It is clear from the past few years that extreme weather events are rapidly becoming the norm. Maintaining and improving resilience to both flooding and drought – of our own operations, and of the buildings we construct and maintain – remains a priority.
There are a number of ways in which we can address the challenge of water resilience in what we do. We can reduce the amount of water we use during the construction process. We can influence the market by choosing materials manufactured using less water. We can design our buildings so that they need to use less water when occupied.
Recognising that as our business grows we will inevitably consume more water, we aim to reduce water consumption by 5% year on year over 2012 baseline.
All water usage associated with our operations is measured as an Environmental Key Performance Indicator (m3 / £100k).
Here are some of the ways we are reducing water consumption on our projects:
- we install water meters as soon as we arrive on site,
- we utilise early opportunity to install and connect environmental infrastructure on the site for later applications e.g. dust suppression and wheel wash,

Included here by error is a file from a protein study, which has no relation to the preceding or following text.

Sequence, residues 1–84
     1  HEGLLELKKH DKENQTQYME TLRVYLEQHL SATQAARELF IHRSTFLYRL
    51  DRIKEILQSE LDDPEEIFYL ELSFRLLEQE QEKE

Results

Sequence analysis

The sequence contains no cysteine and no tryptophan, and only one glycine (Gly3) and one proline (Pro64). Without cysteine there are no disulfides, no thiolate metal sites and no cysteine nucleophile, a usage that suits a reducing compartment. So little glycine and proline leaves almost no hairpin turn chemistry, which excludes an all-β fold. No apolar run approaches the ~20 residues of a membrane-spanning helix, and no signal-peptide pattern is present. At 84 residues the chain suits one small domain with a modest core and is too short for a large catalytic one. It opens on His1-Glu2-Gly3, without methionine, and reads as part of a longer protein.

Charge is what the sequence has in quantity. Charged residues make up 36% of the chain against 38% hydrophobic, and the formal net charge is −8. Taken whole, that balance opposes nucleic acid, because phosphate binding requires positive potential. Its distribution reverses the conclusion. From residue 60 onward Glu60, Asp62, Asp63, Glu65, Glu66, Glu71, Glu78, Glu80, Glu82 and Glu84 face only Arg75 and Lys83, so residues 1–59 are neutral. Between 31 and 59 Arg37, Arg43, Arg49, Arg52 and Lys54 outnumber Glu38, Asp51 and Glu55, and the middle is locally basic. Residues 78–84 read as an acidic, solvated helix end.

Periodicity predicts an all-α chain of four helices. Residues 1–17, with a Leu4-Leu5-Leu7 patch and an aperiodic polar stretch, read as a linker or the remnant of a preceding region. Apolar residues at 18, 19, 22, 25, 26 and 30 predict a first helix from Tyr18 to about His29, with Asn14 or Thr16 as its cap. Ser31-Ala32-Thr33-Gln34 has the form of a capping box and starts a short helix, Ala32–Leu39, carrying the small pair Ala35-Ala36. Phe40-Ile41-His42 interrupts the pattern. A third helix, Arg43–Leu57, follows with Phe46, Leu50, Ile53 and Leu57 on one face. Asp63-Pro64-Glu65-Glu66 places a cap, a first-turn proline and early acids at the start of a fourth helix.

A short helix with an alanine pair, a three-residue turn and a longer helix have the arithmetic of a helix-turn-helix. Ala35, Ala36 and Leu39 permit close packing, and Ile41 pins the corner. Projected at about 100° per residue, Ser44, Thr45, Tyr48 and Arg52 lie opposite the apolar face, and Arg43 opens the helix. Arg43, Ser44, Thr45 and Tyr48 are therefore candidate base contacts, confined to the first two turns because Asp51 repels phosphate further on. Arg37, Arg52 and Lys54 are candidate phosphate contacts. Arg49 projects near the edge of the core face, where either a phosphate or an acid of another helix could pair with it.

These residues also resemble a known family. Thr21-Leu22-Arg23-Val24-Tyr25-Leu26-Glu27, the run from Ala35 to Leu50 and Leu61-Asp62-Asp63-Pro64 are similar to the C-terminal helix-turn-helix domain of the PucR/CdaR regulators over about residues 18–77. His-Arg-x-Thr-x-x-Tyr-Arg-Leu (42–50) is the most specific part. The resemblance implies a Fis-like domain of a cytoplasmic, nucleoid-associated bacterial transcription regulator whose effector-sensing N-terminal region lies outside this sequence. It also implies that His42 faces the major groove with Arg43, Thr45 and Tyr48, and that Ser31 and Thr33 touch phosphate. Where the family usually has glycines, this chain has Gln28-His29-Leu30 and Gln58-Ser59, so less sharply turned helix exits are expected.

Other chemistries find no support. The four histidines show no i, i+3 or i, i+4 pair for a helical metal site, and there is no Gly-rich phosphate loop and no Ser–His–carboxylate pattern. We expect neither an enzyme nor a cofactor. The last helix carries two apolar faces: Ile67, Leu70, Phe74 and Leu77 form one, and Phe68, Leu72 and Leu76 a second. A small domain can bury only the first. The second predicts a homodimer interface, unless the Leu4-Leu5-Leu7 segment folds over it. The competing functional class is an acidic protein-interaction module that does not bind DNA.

- we maximise water efficiency within site offices by using aerated taps, flow control and waterless urinals,
- we display environmental performance figures in prominent places on site.
- We challenge our site teams to consider what potable water is actually needed in construction processes, seeking alternatives wherever practicable.
Where we are responsible for fitting out buildings, water efficient appliances, fittings and fixtures come as standard. Our target is to design and build homes that consume fewer than 105 litres of water internally per person per day. We engage our clients early in the project design process, to understand their project sustainability aspirations and requirements. Then we propose a range of cost-effective measures which meet both the clients’ and our 10 Point Plan requirements.
We have experience and expertise in planning and constructing all forms of sustainable urban drainage systems (SUDSs). These ensure that the buildings and developments we construct are more resilient to extreme weather. They mitigate risk to the built and natural environment from surface water and flood, by slowing and holding back water.